A year ago we published an issue devoted to travel. Unlike others who deal with the subject, we visited places both as they are and as they were—and in so doing suggested how the past informs the present everywhere in the country. Readers responded warmly enough to spur us to go back on the road this April. Among the journeys:
Wherever you’re driving, the one clear indispensable is the road map, and the country is so thoroughly charted with a red and blue web that one might think it had always been so. It wasn’t. The road map came along a good deal later than the automobile, and it was born in a series of guidebooks like the one put out in 1908 by the White Auto Company that included such directions as, “At the next corner turn left passing ‘Mike’s Place’…” and in which every destination was a branch of the White Company. Ben Yagoda traces the eventful career of the road map through the days when Rand McNally and the oil companies brought order to the motorist’s universe.
Nicholas Lemann, a native son, explores just what made New Orleans so savory, seductive, and raffish a town—a place “too Latin to concern itself with sin and guilt,” where (as Republicans should note when they meet there in convention in August) nature is luxuriant and a little sinister, “and, even today, ultimately unconquerable,” and where all the myths are at least half true.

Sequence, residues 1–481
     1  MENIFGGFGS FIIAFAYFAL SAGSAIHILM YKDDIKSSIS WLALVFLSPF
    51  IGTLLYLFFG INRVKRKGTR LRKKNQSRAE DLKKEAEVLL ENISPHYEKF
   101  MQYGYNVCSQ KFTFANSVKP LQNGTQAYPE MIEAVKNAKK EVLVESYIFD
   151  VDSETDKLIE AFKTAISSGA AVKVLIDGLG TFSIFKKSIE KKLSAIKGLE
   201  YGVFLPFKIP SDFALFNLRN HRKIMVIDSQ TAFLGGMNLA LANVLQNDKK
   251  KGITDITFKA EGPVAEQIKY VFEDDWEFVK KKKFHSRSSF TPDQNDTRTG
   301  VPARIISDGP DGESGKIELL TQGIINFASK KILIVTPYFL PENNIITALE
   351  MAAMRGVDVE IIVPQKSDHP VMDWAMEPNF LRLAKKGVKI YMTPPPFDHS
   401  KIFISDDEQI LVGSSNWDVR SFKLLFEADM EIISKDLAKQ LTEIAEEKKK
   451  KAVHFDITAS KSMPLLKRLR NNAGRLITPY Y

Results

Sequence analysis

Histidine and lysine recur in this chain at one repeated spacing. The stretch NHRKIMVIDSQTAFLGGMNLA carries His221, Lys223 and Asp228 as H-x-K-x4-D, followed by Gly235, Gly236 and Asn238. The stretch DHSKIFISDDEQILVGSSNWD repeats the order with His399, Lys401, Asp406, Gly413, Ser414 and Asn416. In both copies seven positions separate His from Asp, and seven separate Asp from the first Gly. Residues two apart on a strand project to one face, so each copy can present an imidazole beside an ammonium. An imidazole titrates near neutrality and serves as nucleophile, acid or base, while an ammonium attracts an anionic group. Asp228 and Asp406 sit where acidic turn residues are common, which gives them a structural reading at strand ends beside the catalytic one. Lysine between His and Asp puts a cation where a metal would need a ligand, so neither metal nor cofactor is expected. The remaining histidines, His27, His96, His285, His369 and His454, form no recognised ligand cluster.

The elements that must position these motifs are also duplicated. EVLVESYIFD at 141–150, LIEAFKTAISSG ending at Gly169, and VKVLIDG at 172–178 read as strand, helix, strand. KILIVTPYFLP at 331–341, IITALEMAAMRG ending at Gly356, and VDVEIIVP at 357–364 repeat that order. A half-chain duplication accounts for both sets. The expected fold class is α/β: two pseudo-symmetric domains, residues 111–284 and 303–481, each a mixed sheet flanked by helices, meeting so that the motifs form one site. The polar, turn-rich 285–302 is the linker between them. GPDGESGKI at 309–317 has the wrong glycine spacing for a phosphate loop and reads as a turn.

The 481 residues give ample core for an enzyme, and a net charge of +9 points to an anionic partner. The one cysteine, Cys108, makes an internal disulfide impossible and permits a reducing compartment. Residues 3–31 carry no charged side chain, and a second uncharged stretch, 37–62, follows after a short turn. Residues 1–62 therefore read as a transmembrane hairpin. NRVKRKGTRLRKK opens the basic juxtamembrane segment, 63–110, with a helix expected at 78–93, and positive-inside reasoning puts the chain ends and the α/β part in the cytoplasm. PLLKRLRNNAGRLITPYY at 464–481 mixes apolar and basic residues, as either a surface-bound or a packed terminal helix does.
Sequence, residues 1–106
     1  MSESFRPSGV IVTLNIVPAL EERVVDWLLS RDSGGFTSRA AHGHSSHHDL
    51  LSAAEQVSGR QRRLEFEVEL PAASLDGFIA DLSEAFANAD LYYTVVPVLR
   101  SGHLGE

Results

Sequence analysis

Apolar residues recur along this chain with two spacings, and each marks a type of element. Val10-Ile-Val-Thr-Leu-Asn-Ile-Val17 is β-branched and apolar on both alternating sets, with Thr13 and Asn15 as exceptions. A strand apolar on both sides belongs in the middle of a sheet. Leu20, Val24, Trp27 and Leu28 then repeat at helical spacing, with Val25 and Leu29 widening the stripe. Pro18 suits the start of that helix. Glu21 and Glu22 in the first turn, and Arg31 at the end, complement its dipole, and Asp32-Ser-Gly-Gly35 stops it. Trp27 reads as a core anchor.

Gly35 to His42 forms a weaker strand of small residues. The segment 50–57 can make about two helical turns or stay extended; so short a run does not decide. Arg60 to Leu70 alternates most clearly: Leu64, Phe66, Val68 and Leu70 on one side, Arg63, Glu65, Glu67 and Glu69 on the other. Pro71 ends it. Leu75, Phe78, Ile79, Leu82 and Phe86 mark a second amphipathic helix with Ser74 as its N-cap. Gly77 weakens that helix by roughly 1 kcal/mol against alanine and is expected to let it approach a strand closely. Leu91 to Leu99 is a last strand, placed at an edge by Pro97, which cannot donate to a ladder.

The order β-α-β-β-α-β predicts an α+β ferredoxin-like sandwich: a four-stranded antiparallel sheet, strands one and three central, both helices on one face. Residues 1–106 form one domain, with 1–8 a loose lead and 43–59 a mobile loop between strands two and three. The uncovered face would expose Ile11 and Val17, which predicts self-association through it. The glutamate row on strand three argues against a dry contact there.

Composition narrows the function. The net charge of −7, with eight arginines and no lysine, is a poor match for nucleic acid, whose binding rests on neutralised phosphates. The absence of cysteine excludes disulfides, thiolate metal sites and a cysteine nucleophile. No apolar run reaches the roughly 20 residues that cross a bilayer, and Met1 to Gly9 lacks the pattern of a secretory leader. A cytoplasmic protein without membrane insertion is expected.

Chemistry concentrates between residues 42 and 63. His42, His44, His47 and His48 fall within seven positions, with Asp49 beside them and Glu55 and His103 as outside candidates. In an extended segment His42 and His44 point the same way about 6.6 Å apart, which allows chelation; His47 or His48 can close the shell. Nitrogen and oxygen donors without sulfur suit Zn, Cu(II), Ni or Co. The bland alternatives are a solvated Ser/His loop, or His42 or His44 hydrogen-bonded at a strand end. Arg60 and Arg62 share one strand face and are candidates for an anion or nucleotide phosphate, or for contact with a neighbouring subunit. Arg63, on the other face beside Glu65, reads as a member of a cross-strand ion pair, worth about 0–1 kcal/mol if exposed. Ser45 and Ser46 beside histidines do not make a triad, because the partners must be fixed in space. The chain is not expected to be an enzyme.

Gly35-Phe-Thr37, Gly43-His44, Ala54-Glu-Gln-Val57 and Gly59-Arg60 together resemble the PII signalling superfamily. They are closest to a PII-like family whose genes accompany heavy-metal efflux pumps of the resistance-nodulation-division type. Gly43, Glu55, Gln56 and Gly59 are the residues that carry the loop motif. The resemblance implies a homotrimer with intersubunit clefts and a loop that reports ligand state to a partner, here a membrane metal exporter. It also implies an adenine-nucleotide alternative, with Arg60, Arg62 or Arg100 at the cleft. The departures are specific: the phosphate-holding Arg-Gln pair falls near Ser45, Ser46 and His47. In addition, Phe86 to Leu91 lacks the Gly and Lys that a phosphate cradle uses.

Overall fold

To one historian, it is “a bit of Sparta in the midst of Babylon.” But for all its severe serenity, the United States Military Academy has had an uncommonly turbulent past. When the historian and novelist Thomas Fleming pays it a visit, he finds the place eloquent of treachery in the Revolution and bitter division as the Civil War neared, and still very much aware of the small cadre of graduates who at Chapultepec and Gettysburg, in the Meuse-Argonne and on the Normandy beaches, showed what they’d learned there on the Hudson.
You may like it or you may hate it, but once you get on the road, you’re going to be eating it. And it may be something of a consolation to look back on the history of the rise of McDonald’s and Colonel Sanders and their rivals and know that part of their success is due to an American genius for standardization that has substantially reduced the hazards of sitting down to a plate of food. Joseph Monninger details how an effort simply to hand out burgers quicker and cheaper changed the way Americans live.
Wilbur and Orville Wright’s biographer tracks their footprints in the windy, shifting sands of Kitty Hawk … voyaging the Columbia River as we approach the two hundredth anniversary of its discovery … the last real prairie, and why it defines us as Americans … the California wine country … and, because our editorial offering is as bounteous as the land it celebrates, more.